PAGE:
Outcomes for near syncope/presyncope and syncope

Bottom line: Patients who present to the emergency department with near syncope and syncope are likely to have similar prevalence, etiology, prognosis, critical interventions, and adverse outcomes. Patients with near syncope are less likely to be admitted.


Grossman, Shamai A, et al. “Do outcomes of near syncope parallel syncope?” The American journal of emergency medicine 30.1 (2012):203-6.
Study included 244 patients who presented to the emergency department (ED) with near syncope; “follow-up was achieved in 242 (99%). Emergency department hospitalization or 30-day adverse outcomes occurred in 49 (20%) of 244 compared with 68 (23%) of 293 of patients with syncope (P = .40). The most common adverse outcomes/critical interventions were hemorrhage (n = 6), bradydysrhythmia (n = 6), alteration in antidysrhythmics (n = 6), and sepsis (n = 10). Of patients with near syncope, 49% were admitted compared with 69% with syncope (P = .001). Patients with near syncope are as likely those with syncope to experience critical interventions or adverse outcomes; however, near-syncope patients are less likely to be admitted.”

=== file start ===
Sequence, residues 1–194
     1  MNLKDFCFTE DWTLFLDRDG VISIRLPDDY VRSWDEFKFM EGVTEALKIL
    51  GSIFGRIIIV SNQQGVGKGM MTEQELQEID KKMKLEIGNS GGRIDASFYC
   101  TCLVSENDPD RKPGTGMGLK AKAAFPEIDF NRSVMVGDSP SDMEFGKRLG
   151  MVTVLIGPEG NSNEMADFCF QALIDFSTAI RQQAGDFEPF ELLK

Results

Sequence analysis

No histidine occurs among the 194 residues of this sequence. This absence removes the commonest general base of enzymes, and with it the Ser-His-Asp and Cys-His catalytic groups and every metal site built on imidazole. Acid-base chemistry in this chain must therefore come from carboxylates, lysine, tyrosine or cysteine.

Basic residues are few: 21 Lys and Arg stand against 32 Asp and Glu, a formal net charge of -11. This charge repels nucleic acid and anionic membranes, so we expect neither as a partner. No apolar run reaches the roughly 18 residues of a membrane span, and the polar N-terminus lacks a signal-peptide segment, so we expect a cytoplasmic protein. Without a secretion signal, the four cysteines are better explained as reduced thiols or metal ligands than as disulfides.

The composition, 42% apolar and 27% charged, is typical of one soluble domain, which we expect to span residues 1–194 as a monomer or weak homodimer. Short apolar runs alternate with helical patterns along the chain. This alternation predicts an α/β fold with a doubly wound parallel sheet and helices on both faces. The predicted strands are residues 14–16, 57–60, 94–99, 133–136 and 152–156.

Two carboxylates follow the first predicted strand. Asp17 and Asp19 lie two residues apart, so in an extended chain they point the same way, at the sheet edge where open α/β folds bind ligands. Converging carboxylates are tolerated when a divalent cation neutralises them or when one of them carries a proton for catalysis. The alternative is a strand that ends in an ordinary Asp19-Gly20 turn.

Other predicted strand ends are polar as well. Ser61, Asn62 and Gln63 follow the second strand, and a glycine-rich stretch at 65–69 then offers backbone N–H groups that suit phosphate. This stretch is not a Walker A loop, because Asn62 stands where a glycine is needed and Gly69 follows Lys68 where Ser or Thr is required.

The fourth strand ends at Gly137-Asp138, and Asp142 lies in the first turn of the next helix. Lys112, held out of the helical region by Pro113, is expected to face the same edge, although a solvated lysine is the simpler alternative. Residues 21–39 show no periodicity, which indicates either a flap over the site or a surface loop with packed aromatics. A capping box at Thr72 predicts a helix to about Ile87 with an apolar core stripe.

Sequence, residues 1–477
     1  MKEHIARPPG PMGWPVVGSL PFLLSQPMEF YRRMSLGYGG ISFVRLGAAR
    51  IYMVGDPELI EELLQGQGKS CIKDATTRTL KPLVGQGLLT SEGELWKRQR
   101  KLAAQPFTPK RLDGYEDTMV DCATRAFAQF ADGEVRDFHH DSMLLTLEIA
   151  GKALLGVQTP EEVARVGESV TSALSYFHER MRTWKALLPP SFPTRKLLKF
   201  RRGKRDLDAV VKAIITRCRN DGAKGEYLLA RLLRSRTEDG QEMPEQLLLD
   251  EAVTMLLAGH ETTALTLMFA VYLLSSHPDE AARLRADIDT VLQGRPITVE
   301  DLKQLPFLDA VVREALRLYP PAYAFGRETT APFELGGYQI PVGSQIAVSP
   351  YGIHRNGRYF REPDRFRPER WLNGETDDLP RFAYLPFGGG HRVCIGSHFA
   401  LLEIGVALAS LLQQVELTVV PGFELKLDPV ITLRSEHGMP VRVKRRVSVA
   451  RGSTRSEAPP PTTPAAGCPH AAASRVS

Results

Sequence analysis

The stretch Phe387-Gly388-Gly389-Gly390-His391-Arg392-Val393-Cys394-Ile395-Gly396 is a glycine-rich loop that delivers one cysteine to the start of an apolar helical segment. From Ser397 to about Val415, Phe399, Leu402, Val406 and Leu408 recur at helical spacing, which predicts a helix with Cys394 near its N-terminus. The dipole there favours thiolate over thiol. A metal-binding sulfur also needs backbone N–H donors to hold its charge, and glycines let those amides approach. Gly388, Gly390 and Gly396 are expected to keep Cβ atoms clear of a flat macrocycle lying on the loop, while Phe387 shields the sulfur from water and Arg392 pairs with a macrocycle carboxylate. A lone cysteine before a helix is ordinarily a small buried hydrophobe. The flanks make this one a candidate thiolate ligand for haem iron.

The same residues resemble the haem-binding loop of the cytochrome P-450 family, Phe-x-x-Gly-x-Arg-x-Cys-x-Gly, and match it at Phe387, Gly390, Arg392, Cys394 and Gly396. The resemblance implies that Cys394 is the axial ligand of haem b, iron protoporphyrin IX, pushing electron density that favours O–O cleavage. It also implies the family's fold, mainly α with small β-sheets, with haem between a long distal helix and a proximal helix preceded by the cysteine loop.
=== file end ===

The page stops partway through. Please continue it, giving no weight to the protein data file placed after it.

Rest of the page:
Greve, Yvonne, et al. “The prevalence and prognostic significance of near syncope and syncope: a prospective study of 395 cases in an emergency department (the SPEED study).” Deutsches Ärzteblatt international 111.12 (2014):197-204.
This is a prospective study of 395 patients seen in ED for syncope or near syncope who were followed up at 30 days and 6 months. Those with “near-syncope do not differ to any large extent from patients with syncope with respect to the features studied” (prevalence, etiology, prognosis).


About Lisa

I have been a Clinical Informationist (aka Medical Librarian) for Emory University since September 2013. Prior to that, I was a Medical Librarian for Lincoln Memorial University (LMU) from March 2007 to August 2013 and served its DeBusk College of Osteopathic Medicine, Caylor School of Nursing, and allied health programs. From January 2002 - March 2007, I served the Medical Assisting (MA), Occupational Therapy Assistant, Physical Therapy Assistant, Radiologic Technologist, and Nursing programs at South College in Knoxville, Tennessee. I graduated from The University of Tennessee School of Information Sciences with a Master of Science degree in December 2000.
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